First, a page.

Congratulations on your workout regimen. You’re looking good and feeling great. What you do after a workout can be just as important as the workout itself. There are three things you can do to recover from exercise that leverages the increased metabolic rate while cooling down the body. Recovering from exercise includes both a nutritional component and a movement component. Here are some quick tips to capture increased benefits from your workout.
Cool It Down and Stretch It Out
If you engaged in a heart-pumping activity you want to bring your heart rate down slowly. You don’t want to just stop, especially if you were sprinting. This is called active recovery. By continuing to move the heart rate gradually comes down so it’s less of a shock. When we exercise the heart has to work harder to send oxygenated blood throughout the body. That means the volume of blood flowing through the heart increases exponentially. When you just stop or lay down the same volume of blood is going to the heart but the body doesn’t have a use for it. Walking it off or a light jog allows the heart rate to come down and for the body to realize there is no longer a need for all that blood.
During intense exercise oxygen levels in the blood are lower causing more lactic acid to be produced. This is that burning sensation in the muscles during activity. Active recovery allows the lactic acid to begin to dissipate as more oxygen is made available to muscles. Despite popular belief, a build up of lactic acid isn’t responsible for muscle soreness days after a strenuous workout. The soreness is from minor muscle tears and inflammation. As the muscle heals it becomes stronger.
This is where stretching can have benefits. Stretching, both active and static, elongates the muscles and creates elasticity. Think of a rubber band. When a rubber band is soft and supple it can stretch pretty far without snapping. As a rubber band ages and dries out it loses that ability. It will either not stretch or snaps fairly easily under little tension. Something similar happens to our muscles. To keep them pliable we must stretch. The best time to stretch is after a workout because they are warmed up and more likely to stretch further. When you’re not working out the benefits of stretching are apparent in our balance and overall feelings of aches and pains. Stretching also reduces stress and anxiety. Further, some simple stretches today helps prevent injuries tomorrow by keeping muscles and joints flexible.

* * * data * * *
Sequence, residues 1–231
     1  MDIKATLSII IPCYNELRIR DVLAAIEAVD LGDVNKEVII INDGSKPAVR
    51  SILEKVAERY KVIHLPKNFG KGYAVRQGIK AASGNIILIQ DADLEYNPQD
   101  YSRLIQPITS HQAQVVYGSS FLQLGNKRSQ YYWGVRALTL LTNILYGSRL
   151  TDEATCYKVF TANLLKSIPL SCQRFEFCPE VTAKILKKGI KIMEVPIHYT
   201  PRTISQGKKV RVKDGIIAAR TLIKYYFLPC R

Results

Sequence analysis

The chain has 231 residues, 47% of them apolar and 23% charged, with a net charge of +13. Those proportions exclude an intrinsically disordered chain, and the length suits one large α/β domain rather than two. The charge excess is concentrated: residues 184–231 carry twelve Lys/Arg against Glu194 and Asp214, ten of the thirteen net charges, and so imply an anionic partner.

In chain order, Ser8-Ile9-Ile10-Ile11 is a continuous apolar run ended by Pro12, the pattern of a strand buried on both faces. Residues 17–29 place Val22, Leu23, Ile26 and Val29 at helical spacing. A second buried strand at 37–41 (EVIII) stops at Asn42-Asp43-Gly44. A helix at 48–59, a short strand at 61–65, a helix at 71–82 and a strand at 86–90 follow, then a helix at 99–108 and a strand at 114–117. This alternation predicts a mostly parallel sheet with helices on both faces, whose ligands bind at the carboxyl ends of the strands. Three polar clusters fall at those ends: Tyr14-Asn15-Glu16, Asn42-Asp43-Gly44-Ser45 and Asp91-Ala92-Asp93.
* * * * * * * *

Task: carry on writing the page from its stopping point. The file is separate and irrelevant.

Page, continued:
Feed Your Metabolism and Your Body
After exercise our bodies are the most receptive to nutrients and our metabolism is high. The body wants to replenish what it lost during the workout, which is why it craves highly nutritious foods following exercise. This is the best time for a healthy breakfast full of vitamins, minerals and protein. The body will process it quickly and efficiently while continuing to burn calories. And depending on the type of exercise you did, your body will continue to burn calories at a higher rate throughout the day. This is called the afterburn effect. The best foods to have after a workout are high in protein to help with muscle-building, opt for lean protein such as chicken. Chocolate milk has also been shown to have post-workout benefits. Don’t forget the vegetables, especially those high in antioxidants. Avoid the fruit at this point given its high sugar content.
The best time for your body to recover is during sleep. There are various bodily repair functions that can’t happen until we’re asleep. When we’re fatigued the body begins to ration its energy focusing mainly on brain functions, then other life-sustaining activities such as breathing, beating the heart, blinking, etc. Then when we finally get some rest the body focuses on the repairs that are required to keep us alive. Building muscle or replenishing skin cells is not a life-saving priority. But if you get plenty of rest, at least eight hours a night, the body will have the energy it needs to do everything.
Recovering from a workout is very simple and has as many benefits as the workout itself. Do you have an exercise recovery regimen that you swear by? Tell us by commenting below. If you found this post helpful please share within your communities. Browse our site for other helpful health and wellness tips.
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